Zoe Lightfoot has infantile neuroaxonal dystrophy (INAD), a condition which means an affected child usually dies between the ages of five and 10.
She was diagnosed in April after an MRI brain scan in January revealed significant brain damage and cerebellar atrophy.
The part of the brain that affects balance and co-ordination, speech and swallowing had formed normally as a baby, but then shrivelled.
Her parents Christine Hamshere and Steven Lightfoot, of Bramley, who are expecting another child in March, have raised more than Â£16,000 of a Â£20,000 target to take Zoe to America to participate in a clinical trial with California-based Retrotope.
They hope this would halt and possibly reverse some of her symptoms.
Miss Hamshere, 41, said: “As soon as she was diagnosed, I really struggled. We sent close friends links to information and said, ‘Brace yourselves, this is what’s going on’.
“It was awful. Zoe was sat on my lap. We didn’t think they had any results, we just wandered in thinking, ‘This will be quick’.”
She added: “I just couldn’t take it.”
According to the Great Ormond Street Hospital, which specialises in care for children, INAD is a rare inherited disorder affecting the nerve axons which are responsible for conducting messages in the brain and other parts of the body.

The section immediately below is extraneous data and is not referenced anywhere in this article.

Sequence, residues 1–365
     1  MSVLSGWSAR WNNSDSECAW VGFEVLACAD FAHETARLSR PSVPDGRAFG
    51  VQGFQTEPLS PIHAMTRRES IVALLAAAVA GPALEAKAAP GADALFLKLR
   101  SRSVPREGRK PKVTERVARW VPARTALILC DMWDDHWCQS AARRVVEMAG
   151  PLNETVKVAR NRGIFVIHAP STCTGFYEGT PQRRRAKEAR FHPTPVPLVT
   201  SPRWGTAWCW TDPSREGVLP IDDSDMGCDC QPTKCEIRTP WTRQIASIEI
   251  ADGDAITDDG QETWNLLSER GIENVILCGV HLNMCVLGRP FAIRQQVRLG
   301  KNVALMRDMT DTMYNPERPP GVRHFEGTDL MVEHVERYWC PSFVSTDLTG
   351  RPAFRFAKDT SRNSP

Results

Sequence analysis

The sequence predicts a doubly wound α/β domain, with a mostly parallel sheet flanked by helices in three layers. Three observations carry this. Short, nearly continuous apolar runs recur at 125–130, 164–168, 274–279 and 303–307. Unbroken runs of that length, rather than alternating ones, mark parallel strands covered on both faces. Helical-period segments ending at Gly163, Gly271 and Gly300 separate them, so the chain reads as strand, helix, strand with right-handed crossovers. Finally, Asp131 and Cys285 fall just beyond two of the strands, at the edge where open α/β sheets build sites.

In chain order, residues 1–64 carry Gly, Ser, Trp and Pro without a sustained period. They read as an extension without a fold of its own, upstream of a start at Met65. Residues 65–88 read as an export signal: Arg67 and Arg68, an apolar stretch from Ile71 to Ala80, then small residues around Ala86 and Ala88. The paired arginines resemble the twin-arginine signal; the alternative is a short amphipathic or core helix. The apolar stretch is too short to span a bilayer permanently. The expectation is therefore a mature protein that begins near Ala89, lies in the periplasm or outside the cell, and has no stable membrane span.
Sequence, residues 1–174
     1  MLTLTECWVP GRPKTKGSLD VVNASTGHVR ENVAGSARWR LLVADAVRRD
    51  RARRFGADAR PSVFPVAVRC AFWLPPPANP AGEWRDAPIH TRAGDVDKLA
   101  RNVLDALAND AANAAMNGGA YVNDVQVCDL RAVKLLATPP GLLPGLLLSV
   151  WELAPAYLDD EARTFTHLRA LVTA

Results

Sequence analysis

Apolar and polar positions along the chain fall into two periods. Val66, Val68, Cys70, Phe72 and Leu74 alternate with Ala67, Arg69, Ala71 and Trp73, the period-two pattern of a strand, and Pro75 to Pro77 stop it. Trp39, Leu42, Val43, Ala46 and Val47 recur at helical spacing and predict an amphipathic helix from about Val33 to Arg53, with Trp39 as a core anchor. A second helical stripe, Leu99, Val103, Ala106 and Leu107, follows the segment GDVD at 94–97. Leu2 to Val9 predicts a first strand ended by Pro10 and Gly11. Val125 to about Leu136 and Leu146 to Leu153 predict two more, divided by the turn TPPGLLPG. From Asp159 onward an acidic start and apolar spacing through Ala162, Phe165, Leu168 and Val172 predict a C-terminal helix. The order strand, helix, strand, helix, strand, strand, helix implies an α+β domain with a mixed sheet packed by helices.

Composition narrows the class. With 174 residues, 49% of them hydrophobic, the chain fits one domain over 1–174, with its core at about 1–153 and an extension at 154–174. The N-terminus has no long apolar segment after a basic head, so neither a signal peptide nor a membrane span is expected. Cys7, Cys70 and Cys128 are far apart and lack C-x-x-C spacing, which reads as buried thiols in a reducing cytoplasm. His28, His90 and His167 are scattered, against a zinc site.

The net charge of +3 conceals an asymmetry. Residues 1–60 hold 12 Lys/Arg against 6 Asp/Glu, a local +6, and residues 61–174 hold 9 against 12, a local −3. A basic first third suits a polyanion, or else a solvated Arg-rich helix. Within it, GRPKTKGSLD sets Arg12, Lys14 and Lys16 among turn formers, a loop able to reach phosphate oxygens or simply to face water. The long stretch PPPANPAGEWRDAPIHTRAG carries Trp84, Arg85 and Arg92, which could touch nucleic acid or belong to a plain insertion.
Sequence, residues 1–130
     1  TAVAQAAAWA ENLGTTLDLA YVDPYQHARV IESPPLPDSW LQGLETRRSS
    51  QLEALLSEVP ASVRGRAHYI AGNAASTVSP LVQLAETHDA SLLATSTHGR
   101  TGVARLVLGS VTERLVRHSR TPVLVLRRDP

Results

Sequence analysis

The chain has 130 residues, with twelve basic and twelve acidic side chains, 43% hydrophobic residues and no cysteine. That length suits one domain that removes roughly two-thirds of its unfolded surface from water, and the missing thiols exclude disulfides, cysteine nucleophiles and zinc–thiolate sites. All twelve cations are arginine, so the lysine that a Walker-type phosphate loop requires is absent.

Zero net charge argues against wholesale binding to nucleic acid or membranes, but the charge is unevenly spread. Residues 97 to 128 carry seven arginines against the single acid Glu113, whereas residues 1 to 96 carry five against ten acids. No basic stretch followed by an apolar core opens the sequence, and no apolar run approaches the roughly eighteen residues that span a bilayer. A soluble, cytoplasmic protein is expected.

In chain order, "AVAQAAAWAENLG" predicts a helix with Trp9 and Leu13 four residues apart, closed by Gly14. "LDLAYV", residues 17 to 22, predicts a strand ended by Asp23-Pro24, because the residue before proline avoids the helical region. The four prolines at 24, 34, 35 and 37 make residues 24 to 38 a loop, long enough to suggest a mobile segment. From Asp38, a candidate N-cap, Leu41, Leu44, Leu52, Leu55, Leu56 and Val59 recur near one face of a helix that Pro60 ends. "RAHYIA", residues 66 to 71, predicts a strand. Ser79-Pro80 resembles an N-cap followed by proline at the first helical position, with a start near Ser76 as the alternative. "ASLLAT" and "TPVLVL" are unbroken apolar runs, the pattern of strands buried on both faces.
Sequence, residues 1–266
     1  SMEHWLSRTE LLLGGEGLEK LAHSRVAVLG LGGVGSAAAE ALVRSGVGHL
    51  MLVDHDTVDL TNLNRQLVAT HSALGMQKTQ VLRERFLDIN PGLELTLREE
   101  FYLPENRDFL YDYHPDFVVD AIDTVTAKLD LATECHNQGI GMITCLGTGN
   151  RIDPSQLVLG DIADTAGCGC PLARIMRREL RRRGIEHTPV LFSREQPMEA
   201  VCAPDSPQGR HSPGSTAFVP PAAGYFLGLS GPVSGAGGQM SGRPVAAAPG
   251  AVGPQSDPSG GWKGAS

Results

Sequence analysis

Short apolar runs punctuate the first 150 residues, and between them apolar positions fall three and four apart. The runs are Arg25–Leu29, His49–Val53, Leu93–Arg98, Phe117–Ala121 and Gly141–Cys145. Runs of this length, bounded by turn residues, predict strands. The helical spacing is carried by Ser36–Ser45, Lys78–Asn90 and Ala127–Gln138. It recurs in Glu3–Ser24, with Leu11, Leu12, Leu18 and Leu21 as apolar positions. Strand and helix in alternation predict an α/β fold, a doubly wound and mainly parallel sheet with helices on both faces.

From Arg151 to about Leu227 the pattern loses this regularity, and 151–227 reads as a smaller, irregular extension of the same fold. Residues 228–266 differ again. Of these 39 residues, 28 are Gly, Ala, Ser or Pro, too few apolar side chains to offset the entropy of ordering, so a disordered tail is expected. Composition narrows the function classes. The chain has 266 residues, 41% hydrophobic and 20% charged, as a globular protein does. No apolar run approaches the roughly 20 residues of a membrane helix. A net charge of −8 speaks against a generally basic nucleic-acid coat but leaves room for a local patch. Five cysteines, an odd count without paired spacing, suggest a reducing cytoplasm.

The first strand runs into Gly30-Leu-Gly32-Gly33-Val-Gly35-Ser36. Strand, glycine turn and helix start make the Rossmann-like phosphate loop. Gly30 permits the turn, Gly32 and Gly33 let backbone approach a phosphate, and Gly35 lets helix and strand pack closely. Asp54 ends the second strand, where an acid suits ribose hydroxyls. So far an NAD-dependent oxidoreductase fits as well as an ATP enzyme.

It causes a progressive loss of vision and of physical and mental skills.
Since the diagnosis, Zoe has lost mobility and her speech.
Swallowing has also deteriorated, and she has some leg stiffness.
Despite this, according to the family’s online fundraising campaign, she is “still a bright bubbly fun loving beautiful girl.
“She has a great sense of humour, an infectious laugh, and still tries to wave and blow kisses. She loves bouncing along to songs and interaction with others, cuddling the neighbour’s dog and her toy rabbits.
“She has a good understanding of what is going on around her, and loves it when you copy her actions and sounds, especially drumming. She has a smile that lights up the room. We are desperate to keep her this way for as long as we can.”
The study drug in the trial is a stabilised fatty acid that protects cells from being broken down, the family said.
Zoe will need to make four trips in a year as part of the trial, and then potentially more after that. The first visit is at the start of December, and the second will be in January 2019.
Any funds raised that are not spent on the trial will go towards adapting the family’s house for Zoe, transporting her to school, and supporting all the charities that are helping the family, such as Martin House Children’s Hospice, Special Needs And Parent Support Yorkshire, the Little Hiccups support group and Leeds Mencap.
Visit the fundraising page at https://www.gofundme.com/zoes-inad-battle-fund